The Jolly Fisherman
The Jolly Fisherman
Previous Landlords of the Jolly Fisherman
The Village owes its name to the Craster Family who
have lived at the site of Craster Tower for almost a millennium. The
existing fortified tower was built in 1450 with a much later Georgian
addition. The name "Craster" is derived from "Craucestr",
meaning "an old fortification with crows", which once stood
on the site of Craster Tower.
Craster was once a thriving fishing village and years ago when the North Sea Swarmed with herring and other fish, some 20 boats the four herring/kipper yards in the village. Robson's yard is dated 1856 and was the first smokehouse. During the season crews of herring-girls each split and gutted 2000 fish a day. Barrels of salt herring were exported to Germany and Russia, and fresh kippers were sent to Billingsgate Market.
Today only one "Smokehouse" in the village remains, but the fish are still smoked in the traditional way, over fires of oak sawdust so the quality and taste of the "Famous Craster Kippers" remains unchanged.
Craster also prospered from the stone that came from it's quarry, which is now the car park. Whinstone - a hard blue/grey stone which gives the shape to the local landscape was quarried to make building stone "setts", and stones were shipped off to London to become kerbstones. When tarmacadam was invented, the stone was ground into chips and mixed with tar. The stone was taken down to the harbour by an overhead rail system of wires and buckets to be tipped into wooden bins on the south pier and then loaded onto the boats at high tide. These bins were taken down at the beginning of the 2nd World War, as they thought they could be used as landmarks for enemy planes. The quarry closed in 1939, briefly re-opening during World War 2. Part of it is now the "Arnold Nature Reserve" which is under the protection of the Northumberland Wildlife Trust.
If you follow the coastal footpath North from Craster for about 1 1/2 miles you arrive at the dramatic ruins of Dunstanburgh Castle (See Below)
Leaving Craster on the coastal footpath heading south
you will pass Cullernose Point which is a popular fishing spot, the
"Bathing House" built by the 2nd Earl Grey for the family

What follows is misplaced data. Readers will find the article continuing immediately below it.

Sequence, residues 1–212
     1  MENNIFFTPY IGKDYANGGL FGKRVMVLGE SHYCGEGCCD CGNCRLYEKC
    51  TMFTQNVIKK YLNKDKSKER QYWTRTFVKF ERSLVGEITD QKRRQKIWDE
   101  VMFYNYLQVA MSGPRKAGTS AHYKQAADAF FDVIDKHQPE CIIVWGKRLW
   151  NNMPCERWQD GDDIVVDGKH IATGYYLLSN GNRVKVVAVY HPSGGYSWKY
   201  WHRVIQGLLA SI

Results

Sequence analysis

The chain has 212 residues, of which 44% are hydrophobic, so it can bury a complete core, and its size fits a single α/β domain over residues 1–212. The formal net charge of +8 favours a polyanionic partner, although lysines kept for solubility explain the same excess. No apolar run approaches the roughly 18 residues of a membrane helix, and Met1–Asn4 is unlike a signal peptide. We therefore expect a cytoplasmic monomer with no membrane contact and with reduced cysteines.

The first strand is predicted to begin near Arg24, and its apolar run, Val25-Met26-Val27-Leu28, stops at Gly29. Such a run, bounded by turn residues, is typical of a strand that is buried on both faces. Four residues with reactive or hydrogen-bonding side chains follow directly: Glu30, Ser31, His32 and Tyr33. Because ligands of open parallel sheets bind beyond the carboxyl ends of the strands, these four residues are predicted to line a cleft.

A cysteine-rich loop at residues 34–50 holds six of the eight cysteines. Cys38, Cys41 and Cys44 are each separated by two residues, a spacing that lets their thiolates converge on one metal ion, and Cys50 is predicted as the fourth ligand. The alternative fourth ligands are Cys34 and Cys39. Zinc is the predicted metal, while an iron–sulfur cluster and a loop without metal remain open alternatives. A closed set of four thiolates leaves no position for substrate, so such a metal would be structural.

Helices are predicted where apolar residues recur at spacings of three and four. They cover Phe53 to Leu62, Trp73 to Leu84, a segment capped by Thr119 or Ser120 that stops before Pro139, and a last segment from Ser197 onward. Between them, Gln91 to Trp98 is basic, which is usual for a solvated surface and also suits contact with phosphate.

to use when they went to the beach and as this Earl had 16 children
it would be put to good use! and the small secluded cove of "Howick
Haven" where you can see the "rumbling Kern" an enclosed
cavern through which the sea gurgles. A walk inland then takes you to
Howick Hall, home of the Grey Family since 1319. The grounds, which
are open to the public during summer months host a magnificent flower
display of azaleas, rhododendrons and "Silver Wood", created
in 1931 to commemorate the 5th Earl Grey's Silver wedding anniversary.
For more excellent pictures of Old Craster - we recommend www.bygonecraster.co.uk
It was Thomas, Earl of Lancaster, the richest man in England after the King, who ordered the massive castle to be built in 1313 when he was leading a great baronial revolt against Edward II (reigned 1307-27). Although the Scots were raiding the north, the sheer scale of the castle suggests the Earl wanted to warn the King of his political and military might.
The castle was protected by high curtain walls with a wall walk, and great turrets and towers. Cliffs and the sea added further protection to the east and the north, and a ditch protected the west. The entrance on the south side was defended by an imposing four towered gatehouse (this became the keep when John of Gaunt made extensive alterations in the 1380s). Many of these wall defenses remain, including the Constable's Tower with its range of rooms for the commanding officer and his staff.
Under John of Gaunt's ownership the castle was overhauled, perhaps to increase accommodation for his large retinues, and to rival the castles of the Percy family (Earls of Northumberland) at nearby Warkworth and Alnwick. He built a new heavily fortified gatehouse and self-contained inner ward where there are remains of lodgings, a large oven which baked bread for the garrison, and a well. The outline of a large outer ward can also be traced. It contained barns for storing grain and fodder from the Duchy's extensive estates, and in times of danger and border raids local people and livestock could also take refuge here.
©The Jolly Fisherman 2000 - 2003